Work is just part of our spiritual and physical DNA. Even when we lose all our ability, we still want to work because Work is part of God's image in us.

When I watched the video, I was struck by two things:

  1. I should never complain about hard work!
  2. The need, desire, and joy of work is deep and real!

This joy in work has been frustrated by sin.  As we see people rediscover their joy and purpose in work, we find that there is an attitude change which then results in greater productivity!  When I work for money or I work without joy, my eyes are cast down on myself.  But when I work as a calling, work for the Lord or for the flourishing of humanity and creation, my eyes are lifted up!

For those who are partnered with us in getting this message out, we thank you!  If you are not, we invite you to join us in our effort to get this message across Africa and beyond by becoming a Gospel Patron!  For more information or to join us, please click here.

Monday, April 4, 2022

DML's Scholarship Campaign

Discipling Marketplace Leaders is running a scholarship campaign during the month of April, in an effort to raise $30,000 in 30 days to provide scholarships to pastors, church leaders, and marketplace ministers through our partners across Africa and Nicaragua.  These scholarships allow these leaders to attend DML workshops and trainings and access the on-going support and resources to implement workplace ministries in their church as well as mentoring for business leaders. 

That is a goal of $1000/day and I am praying the goal will be met so that we can continue to spread the message of a healthy theology of work!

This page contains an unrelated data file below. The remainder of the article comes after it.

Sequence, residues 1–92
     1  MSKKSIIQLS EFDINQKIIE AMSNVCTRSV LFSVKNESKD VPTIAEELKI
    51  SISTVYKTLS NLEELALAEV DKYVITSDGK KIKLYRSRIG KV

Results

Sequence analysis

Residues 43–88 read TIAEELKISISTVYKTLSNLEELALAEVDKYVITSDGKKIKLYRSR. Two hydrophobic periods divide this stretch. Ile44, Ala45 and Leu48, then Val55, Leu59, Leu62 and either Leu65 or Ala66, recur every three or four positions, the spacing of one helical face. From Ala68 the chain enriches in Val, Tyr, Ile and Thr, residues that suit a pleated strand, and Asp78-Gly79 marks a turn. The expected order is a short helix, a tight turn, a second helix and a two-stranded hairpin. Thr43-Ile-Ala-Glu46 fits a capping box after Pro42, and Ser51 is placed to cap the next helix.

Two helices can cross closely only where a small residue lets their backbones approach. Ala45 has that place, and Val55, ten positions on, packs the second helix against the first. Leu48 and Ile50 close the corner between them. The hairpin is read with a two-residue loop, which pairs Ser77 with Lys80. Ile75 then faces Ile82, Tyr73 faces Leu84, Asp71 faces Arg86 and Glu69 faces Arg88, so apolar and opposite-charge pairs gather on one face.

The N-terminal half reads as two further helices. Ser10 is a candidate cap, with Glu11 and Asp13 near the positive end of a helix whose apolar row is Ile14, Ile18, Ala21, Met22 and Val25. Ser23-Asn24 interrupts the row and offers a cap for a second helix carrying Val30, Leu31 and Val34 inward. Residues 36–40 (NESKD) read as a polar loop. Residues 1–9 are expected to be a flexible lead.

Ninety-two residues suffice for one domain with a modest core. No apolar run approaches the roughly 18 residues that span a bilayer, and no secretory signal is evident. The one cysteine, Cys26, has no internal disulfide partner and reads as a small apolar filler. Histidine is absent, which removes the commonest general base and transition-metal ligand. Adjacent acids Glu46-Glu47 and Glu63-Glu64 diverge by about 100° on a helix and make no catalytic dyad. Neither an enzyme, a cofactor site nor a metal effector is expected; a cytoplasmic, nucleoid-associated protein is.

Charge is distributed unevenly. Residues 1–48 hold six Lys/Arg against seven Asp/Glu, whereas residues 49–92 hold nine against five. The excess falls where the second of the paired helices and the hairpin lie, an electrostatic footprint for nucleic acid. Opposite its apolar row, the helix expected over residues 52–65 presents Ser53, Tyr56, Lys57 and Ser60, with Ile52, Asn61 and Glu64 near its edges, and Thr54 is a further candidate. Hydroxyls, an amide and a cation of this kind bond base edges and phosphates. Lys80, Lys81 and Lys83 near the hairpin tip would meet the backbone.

In 2021, we were able to train almost 3,000 pulpit pastors and 6,400 marketplace ministers, many of whom paid fees to cover the costs of these trainings but for those 10% who had financial challenges, these scholarship funds covered their expenses, which allowed for more people to hear this good news!  

It only costs about $20/person to have a pulpit pastor/church leader attend our foundational workshop and about $50/person for a business owner to go through our twelve-week workshop. And we know that these trainings will help churches equip the priesthood of believers to be the church every day of the week, and will also increase profit, household income, and create jobs in the businesses!

We can't do this without your support!  As a donor, you become a "gospel patron" on the DML team.  

During April, we will be sharing a number of brief videos that our partners have sent of pulpit pastors and marketplace ministers who share the importance of understanding that God works, that we were created to work, and that work can be an act of worship. Here is a brief video from our partner in Burundi.  The language that is being spoken is Kirundi, but the subtitles are in English.

Please consider joining us in April by giving toward this goal!  Click here for more information.

As I stuffed envelopes for this campaign, I had to chuckle over the picture below, sent to me by someone in the fundraising arena.  This feels true at times!  But God is so good in calling us to link arms together to combine the three resources (time, treasure and talent) that God has given each of us in order for us to work together for the flourishing of humankind and creation, to the glory of God.  Amen?